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Towards treating spinal cord injury in ‘patients’: one step at a time

James Guest
DOI: http://dx.doi.org/10.1093/brain/aws294 3203-3205 First published online: 20 November 2012

For many years, there has been an expectation that developments in neurobiology and work on regeneration of the CNS will have early applications in the area of spinal cord injury. Now, a study by Granger et al. (2012) published in this issue of Brain reports a clinical trial in adult dogs with chronic spinal cord injury caused by an acute event, such as disk herniation. These injuries are common in veterinary practice, and studying therapeutics in this clinical population is sensible. The experimental therapeutic intervention was intraspinal transplantation of cultured autologous cells derived from the olfactory mucosa of the frontal sinus, whereas the control group received injections of cell culture medium only. The data analysis indicated a significant difference between the transplanted and control groups in forelimb–hindlimb coordination measured using kinematic analysis of locomotion on a treadmill during partial weight support. No difference in long tract functional recovery was detected between the groups using motor- and somatosensory-evoked potentials. This veterinary study has relevance to human clinical trial designs in several ways. For example, as the authors point out, the external validity is higher with this heterogeneous dog population than with a genetically homogeneous laboratory animal study. In addition, the cell therapy study had a relevant control group that was injected with cell culture medium and was blinded. Careful reading of the study discloses several interesting points for consideration.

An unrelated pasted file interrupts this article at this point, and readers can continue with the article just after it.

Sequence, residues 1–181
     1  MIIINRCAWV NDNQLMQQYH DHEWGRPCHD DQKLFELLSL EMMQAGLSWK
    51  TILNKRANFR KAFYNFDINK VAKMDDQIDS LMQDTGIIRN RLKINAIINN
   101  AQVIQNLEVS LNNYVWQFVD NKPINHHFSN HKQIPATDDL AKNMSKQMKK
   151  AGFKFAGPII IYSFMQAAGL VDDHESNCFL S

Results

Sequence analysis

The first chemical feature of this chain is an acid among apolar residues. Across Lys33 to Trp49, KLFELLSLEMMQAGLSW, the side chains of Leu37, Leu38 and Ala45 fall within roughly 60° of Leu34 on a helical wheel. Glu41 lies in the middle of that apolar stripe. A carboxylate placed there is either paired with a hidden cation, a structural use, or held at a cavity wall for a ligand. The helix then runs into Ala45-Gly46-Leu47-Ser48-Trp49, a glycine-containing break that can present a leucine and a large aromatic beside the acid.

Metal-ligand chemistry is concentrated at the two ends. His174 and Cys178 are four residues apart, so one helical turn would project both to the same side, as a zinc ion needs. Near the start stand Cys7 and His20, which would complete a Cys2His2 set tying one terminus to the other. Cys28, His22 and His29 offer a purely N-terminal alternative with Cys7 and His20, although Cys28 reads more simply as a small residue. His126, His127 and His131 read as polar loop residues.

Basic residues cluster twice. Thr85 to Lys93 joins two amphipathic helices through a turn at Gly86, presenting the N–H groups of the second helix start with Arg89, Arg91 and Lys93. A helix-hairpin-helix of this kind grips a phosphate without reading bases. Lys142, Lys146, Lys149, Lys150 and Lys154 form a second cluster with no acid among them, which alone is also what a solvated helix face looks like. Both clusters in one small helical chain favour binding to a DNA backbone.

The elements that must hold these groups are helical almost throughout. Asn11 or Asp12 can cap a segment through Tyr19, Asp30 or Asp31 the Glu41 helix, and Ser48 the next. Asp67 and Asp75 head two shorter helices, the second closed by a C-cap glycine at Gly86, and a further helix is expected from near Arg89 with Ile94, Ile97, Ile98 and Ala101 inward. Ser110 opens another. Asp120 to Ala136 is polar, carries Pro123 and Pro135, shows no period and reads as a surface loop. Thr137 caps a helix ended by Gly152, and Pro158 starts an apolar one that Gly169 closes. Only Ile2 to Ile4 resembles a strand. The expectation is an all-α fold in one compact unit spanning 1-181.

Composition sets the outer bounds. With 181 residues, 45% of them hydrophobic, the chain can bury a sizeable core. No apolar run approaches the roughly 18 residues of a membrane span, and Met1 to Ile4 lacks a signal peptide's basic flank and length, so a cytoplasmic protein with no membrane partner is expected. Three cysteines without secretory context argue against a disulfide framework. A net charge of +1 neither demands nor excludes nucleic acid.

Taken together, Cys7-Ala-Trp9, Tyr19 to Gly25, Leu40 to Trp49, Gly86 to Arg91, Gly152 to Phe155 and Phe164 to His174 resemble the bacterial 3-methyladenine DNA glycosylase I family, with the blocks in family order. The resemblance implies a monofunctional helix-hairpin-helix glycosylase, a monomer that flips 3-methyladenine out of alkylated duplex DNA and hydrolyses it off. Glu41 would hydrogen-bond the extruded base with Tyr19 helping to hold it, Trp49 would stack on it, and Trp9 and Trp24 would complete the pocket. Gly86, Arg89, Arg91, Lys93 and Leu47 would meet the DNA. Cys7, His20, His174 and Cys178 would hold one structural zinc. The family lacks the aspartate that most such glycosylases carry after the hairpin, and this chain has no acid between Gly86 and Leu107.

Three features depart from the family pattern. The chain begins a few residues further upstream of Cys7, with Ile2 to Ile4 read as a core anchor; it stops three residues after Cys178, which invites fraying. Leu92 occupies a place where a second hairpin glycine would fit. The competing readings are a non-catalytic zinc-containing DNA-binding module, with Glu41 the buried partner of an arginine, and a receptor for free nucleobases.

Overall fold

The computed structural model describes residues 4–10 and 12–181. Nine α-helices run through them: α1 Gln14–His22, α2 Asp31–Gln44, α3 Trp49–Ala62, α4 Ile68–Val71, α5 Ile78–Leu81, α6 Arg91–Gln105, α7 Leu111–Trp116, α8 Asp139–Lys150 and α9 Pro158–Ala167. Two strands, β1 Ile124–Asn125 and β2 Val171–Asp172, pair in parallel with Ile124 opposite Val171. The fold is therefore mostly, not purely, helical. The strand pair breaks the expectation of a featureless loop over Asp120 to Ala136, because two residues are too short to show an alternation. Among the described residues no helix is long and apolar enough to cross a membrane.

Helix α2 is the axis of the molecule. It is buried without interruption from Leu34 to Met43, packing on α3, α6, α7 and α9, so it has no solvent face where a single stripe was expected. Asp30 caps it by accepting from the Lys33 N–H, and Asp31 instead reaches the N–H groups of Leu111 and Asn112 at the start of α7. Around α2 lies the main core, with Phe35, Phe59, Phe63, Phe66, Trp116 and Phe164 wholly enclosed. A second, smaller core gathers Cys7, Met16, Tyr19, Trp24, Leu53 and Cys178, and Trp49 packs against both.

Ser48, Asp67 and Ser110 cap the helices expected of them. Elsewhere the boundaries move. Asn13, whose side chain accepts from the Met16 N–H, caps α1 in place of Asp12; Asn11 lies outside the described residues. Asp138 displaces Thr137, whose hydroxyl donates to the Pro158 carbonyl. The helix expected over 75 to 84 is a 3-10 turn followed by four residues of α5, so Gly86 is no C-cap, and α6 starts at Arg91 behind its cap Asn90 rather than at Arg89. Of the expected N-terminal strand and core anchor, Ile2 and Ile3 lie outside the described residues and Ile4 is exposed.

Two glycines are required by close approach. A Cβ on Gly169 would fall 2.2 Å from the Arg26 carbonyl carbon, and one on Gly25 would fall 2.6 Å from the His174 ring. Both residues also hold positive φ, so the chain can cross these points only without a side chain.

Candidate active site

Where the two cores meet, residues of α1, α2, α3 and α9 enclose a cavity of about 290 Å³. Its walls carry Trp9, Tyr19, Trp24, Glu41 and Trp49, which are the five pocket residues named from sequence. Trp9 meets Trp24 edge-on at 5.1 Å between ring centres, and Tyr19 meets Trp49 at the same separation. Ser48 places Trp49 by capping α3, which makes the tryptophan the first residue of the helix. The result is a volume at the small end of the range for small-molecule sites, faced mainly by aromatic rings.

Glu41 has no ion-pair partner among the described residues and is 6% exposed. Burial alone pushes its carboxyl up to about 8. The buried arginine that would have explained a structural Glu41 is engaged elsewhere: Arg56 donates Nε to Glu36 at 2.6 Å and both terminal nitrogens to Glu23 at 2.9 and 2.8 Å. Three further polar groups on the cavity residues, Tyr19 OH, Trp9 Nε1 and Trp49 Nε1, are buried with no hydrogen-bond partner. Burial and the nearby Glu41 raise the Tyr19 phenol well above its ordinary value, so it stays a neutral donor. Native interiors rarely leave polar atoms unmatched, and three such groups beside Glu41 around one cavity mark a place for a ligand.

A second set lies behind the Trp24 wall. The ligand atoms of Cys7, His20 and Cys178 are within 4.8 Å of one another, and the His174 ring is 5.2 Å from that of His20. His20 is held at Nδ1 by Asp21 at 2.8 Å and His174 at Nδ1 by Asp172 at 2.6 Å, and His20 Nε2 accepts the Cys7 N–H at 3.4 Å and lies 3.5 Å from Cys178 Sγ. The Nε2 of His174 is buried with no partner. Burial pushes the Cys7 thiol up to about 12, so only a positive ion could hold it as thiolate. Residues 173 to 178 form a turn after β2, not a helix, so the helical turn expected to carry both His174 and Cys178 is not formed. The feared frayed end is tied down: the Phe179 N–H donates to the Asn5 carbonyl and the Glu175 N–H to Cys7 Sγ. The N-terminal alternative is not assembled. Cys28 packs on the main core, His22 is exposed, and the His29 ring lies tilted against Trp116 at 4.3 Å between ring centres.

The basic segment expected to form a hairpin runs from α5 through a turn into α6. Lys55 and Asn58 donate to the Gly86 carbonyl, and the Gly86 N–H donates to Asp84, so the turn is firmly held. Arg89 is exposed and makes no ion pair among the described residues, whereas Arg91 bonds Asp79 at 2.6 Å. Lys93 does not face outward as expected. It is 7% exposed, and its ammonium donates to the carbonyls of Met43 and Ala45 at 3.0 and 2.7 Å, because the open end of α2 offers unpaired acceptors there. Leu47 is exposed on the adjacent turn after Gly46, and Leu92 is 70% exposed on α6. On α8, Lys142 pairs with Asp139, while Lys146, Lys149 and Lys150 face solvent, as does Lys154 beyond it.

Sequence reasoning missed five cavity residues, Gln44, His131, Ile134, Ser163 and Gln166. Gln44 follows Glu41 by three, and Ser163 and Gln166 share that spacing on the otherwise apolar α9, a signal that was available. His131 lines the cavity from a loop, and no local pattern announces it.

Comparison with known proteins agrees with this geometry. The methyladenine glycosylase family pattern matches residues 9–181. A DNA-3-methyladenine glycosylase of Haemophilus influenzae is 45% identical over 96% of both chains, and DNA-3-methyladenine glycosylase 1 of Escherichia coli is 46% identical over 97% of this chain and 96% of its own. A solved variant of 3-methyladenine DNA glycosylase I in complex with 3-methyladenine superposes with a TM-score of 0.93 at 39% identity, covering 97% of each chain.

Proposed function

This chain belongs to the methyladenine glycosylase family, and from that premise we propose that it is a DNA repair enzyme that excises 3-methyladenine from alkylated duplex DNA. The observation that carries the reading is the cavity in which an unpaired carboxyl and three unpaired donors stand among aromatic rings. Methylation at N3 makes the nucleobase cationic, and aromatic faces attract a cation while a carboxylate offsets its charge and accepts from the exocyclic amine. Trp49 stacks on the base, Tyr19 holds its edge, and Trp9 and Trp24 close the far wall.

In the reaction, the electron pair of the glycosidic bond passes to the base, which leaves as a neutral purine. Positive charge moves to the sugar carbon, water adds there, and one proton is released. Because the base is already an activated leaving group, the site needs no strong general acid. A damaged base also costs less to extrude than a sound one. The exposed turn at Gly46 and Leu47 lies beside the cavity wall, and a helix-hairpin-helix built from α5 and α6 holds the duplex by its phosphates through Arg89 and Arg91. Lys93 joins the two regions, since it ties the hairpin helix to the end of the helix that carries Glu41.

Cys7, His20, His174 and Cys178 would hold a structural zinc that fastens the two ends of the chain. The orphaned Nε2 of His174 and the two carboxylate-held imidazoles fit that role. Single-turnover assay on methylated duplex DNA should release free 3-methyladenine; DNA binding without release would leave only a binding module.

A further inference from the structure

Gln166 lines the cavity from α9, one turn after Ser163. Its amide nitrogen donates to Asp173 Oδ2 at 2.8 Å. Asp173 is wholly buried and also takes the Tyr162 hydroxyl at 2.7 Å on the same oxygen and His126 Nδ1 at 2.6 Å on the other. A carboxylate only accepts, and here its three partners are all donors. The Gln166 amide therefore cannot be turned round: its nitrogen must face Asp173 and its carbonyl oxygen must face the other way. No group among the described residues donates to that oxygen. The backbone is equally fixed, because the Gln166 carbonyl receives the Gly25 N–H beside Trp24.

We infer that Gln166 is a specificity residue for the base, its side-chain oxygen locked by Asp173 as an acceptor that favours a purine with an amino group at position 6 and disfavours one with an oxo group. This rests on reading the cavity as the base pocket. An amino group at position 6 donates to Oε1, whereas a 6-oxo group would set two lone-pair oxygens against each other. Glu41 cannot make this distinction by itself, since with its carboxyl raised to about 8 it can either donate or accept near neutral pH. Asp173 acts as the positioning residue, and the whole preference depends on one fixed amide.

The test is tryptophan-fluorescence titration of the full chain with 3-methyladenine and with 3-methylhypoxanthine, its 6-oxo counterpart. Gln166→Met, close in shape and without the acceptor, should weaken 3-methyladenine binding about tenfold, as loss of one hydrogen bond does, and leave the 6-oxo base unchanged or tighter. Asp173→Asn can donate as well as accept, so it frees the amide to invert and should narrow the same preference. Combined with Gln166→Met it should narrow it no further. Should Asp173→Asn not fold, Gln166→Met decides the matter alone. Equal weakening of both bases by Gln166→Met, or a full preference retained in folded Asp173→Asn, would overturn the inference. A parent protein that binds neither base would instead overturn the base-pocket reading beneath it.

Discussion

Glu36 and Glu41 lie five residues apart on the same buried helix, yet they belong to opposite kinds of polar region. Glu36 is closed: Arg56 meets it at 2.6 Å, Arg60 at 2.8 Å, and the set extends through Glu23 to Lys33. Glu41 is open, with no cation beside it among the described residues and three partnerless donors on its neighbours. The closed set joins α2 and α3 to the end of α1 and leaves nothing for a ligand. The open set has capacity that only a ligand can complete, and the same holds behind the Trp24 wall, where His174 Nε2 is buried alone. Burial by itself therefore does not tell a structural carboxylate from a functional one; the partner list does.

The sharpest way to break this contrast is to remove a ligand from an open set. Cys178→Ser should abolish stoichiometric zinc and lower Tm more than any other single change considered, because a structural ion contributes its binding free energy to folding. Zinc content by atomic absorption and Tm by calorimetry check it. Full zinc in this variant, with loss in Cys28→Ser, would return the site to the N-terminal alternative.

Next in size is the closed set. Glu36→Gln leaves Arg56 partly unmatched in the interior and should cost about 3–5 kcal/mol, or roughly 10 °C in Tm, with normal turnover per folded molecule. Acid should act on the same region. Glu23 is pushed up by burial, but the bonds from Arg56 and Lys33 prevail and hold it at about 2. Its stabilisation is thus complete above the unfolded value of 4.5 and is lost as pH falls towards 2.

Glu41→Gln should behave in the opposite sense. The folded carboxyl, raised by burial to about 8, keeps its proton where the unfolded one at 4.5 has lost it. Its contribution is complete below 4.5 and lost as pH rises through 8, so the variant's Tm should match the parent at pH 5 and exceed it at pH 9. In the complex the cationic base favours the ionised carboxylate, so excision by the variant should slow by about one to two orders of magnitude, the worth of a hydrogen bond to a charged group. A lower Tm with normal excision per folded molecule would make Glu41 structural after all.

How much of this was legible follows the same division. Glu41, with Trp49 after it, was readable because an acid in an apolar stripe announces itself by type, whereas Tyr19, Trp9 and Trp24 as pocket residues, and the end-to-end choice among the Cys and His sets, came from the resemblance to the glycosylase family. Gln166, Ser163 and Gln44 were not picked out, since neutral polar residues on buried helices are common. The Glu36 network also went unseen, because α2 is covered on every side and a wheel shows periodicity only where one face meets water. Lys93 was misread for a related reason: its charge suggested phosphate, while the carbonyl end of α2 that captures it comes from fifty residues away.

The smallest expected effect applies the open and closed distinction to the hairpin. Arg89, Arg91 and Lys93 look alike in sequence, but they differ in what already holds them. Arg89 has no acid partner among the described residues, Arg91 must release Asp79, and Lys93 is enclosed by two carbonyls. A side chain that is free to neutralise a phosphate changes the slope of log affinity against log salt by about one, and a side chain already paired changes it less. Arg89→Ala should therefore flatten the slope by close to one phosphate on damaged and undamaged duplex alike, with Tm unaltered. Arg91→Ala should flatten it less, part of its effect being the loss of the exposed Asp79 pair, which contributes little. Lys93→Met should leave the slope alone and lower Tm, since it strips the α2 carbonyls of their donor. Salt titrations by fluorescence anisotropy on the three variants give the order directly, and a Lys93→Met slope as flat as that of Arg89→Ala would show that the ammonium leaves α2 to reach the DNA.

It is not clear from the inclusion and exclusion criteria whether the enrolled dogs had undergone decompressive surgery at the time of their index paraplegia. Lack of surgical decompression might mitigate against recovery independent of a transplant effect. At study entry, there was a clinical examination, MRI, measurement of somatosensory-evoked potentials and motor-evoked potentials and urodynamic evaluation. The results of the MRI are not described. Motor-evoked potentials were recorded from one lower extremity muscle on each side, the cranial tibialis. It should be pointed out that the absence of signal does not mean there is no connectivity of the tested pathways, just that the signals were not found. The minimal number of functioning axons needed to elicit detectable somatosensory- or motor-evoked potentials is not known, and the neurons are affected by phenomena such as poor temporal summation in damaged pathways. It would have been beneficial to have included a quantified open field locomotor exam, as treadmill locomotion provides sustained afferent inputs that can elicit stepping. ASIA-A classification on the American Spinal Injury Association scale for spinal cord injury means no detectable motor or sensory function below the lesion level, including the sacral segments. The enrolled dogs lacked voluntary motor function and nociceptive sensation at study entry. However, several dogs had preserved motor- or somatosensory-evoked potentials. It is quite unusual to detect a motor-evoked potential in a human who lacks detectable voluntary muscle contraction. Because dogs cannot be asked to perform specific muscle contractions, the assessment is observational, and perhaps some of the enrolled dogs might be judged more like incomplete ASIA-B or -C human subjects. Kinematics simplifies the quantification of normal and abnormal motion. As the authors acknowledge, it is unlikely that a kinematic analysis could be accepted as the primary outcome measure in a human efficacy study. Dogs are a quadripedal species that requires forelimb–hindlimb coordination. Other animal spinal cord injury models also emphasize this behavioural end point (Basso et al., 1995), but its significance to human neurological function and recovery is not known. Olfactory ensheathing cells have been of interest for spinal cord repair for at least 15 years owing to their unique biology within the primary olfactory pathway. Peripheral olfactory sensory axons pass from the olfactory mucosa into the CNS at the olfactory bulb. Further, newly born olfactory sensory neurons can extend processes along this pathway throughout adult life. It was hypothesized that if olfactory ensheathing cells could have a similar function in an injury region, they might serve as an effective conduit for regenerating axons through the transitional zones observed between damaged and intact spinal cord tissue (Ramon-Cueto and Nieto-Sampedro, 1994). Persuasive data that olfactory ensheathing cells exhibit this phenomenon within the injured spinal cord are limited but have been reported in various specialized experiments, mainly using olfactory bulb nerve fibre layer-derived olfactory ensheathing cells (Li et al., 1998). Notwithstanding, a large number of experiments have tested purified cultured olfactory ensheathing cells, including a completed Phase 1 human clinical trial (Mackay-Sim et al., 2008). In other studies, biopsied olfactory mucosa was directly transplanted into the spinal cord (Lima et al., 2006, 2010). Concerns related to this strategy, as compared with injecting purified cultured cells, are that the olfactory mucosa is a mixed tissue containing numerous cells types and is highly variable among human individuals. The most assertive proponent of this therapy, Carlos Lima, who died earlier this year, published reports of human application in chronic spinal cord injury. The reported success was not replicated in an independent study (Chhabra et al., 2009). Nevertheless the weight of evidence supports some beneficial effects for transplanted olfactory ensheathing cells.